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On Growth

It was some time between issue No8 and No9 that I became a little more comfortable. I was preparing my quarterly business activity statement for my accountant, sitting at one of my regular cafés in Melbourne. Crunching numbers isn’t one of my strengths, but I don’t mind doing the necessary admin work. After all, as a sole trader I should keep an eye on how well (or badly) I’m doing, right? I realised then and there that I’m doing just fine. Not amazingly well, but not too badly either. I could order another coffee with confidence, for sure.

But having earned a little more money that quarter compared to the previous one was not what made me feel comfortable. It was the following thought process and the answer I arrived at.

For most entrepreneurs, the idea of having to do better this month than last is constantly on their mind. If you spend much of your working day online like I do, you’re frequently reminded of how much everyone focuses on getting bigger and more profitable. Growth hackers. Content marketing. IPOs. Everyone is chasing the hockey stick. And everyone is anxious about being left behind.

I get a lot of “How is the magazine going?”-type of questions when I meet readers in real life. I always wish I had some astounding numbers to report. How the magazine subscribers have quadrupled in the last quarter. How the new issue sold out over night. How I’m struggling to hire enough people in order to keep up with demand. It’s what we’ve come to expect from internet success stories. But that’s not the truth in Offscreen’s case.

The truth is that Offscreen has seen very slow growth. I started with 3000 copies and it took me 11 issues to justify a 5000 print-run. The truth is that some issues do better than others depending on a range of factors, none of which seem very predictable. The truth is that the magazine still doesn’t make enough money to hire more than a few temporary freelancers. (More on that in coming blog posts).

I love going back to an essay in issue No7 titled “Human Scale”, written by fellow Australian and Icelab co-founder Michael Honey. He writes:

‘It doesn’t scale’ is a criticism levelled at many new ideas. (…) But how many things which are good when small get better by becoming bigger? (…) Humans are good at family, middling at community, dysfunctional as nations, and self-destructive as a planet. What doesn’t scale is our ability to relate to each other as human beings instead of target markets — as eyeballs to monetise.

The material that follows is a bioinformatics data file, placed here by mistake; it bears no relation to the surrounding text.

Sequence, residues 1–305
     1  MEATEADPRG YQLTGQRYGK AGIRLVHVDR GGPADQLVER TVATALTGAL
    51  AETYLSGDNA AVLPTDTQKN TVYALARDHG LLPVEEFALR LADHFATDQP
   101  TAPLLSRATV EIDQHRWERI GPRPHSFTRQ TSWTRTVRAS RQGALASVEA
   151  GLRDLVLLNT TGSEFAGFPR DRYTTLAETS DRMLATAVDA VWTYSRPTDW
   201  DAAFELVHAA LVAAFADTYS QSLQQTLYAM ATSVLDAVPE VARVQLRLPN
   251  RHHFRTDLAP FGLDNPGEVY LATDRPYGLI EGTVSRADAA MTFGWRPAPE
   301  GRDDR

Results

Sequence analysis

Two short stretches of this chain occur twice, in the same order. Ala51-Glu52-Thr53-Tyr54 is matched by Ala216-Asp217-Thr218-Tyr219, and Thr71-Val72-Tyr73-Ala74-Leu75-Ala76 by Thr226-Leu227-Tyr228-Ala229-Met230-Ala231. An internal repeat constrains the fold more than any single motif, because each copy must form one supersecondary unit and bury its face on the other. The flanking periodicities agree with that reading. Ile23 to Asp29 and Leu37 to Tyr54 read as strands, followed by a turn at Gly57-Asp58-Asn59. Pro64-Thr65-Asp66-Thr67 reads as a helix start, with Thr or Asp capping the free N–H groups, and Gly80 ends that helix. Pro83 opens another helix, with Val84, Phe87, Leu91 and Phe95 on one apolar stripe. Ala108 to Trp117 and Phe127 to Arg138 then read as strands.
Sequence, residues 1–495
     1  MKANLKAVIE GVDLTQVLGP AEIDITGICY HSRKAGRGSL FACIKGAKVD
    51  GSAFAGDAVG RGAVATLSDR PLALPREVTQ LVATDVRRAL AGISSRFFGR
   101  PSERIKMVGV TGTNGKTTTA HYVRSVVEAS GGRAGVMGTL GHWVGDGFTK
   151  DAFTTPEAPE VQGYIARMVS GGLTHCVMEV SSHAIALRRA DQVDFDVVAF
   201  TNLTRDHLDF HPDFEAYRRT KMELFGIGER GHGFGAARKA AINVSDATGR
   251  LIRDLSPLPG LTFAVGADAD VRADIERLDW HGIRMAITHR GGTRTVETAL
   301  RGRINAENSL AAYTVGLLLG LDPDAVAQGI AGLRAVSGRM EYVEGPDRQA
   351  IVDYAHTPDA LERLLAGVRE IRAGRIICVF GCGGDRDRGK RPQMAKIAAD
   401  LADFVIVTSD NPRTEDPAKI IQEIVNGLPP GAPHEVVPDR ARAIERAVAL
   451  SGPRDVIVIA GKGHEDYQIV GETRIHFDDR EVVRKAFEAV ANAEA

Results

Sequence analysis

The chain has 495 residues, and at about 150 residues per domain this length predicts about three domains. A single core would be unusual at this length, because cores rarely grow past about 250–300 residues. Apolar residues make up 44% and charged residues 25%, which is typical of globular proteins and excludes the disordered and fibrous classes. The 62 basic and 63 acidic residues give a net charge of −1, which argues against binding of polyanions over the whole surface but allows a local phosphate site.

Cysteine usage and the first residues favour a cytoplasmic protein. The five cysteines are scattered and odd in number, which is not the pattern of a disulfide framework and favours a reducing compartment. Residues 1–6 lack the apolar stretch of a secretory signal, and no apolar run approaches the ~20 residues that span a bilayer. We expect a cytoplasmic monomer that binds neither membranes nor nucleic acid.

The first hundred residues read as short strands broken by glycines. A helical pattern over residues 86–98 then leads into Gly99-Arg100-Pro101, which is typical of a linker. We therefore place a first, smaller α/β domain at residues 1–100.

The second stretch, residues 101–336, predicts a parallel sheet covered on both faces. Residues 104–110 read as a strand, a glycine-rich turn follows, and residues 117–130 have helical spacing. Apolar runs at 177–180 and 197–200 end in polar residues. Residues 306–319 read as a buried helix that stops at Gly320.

And then there is this recent interview with Jeff Sheldon of Ugmonk fame in which he talks about being proud of staying small:

We’re not growing a hockey-stick growth, but we’re growing enough. We’re building that fan base and are in it for the long haul, so I’m able to keep it really small and handle every part of the business or almost every part of the business, which does limit me on the creative side sometimes. I can’t release a hundred products every year. I can’t speak at dozens of conferences. I have to limit everything I do. (…) But I’m okay with all those things right now. I choose to keep it small, to keep it lean, to keep this business profitable where it is. (…) I’m much more focused on building that tribe of core followers that cares about what I do, than having ten thousand, one hundred thousand, or one million people that kind of like the cool shirt today, and then they totally forget about it tomorrow.

So here I am, working long days (and sometimes sleepless nights) to make a thing with a growth trajectory slightly more optimistic than the mom-and-pop shop down the road. And I’m finally ok with it. Don’t get me wrong, I don’t mind growing, but I do mind growing for growth’s sake, which is what seems to happen a lot with tech companies these days.

There is a saying that you only need 1000 true fans to make a living from your work. Going through my reader database I can recognise almost all of my ‘true fans’ because we are in touch regularly via email, Twitter, Instagram or in real life when we finally meet at conferences. There is something quite beautiful in knowing your core readers personally and establishing an honest feedback loop that helps improve the magazine with every issue.

So the ‘answer’ I arrived at is the following question: as long as I can make a decent living, create work I’m (mostly) proud of, and get so much heartfelt feedback from people I respect, why add the pressures and headaches that come from chasing mainstream success?

Dispatch
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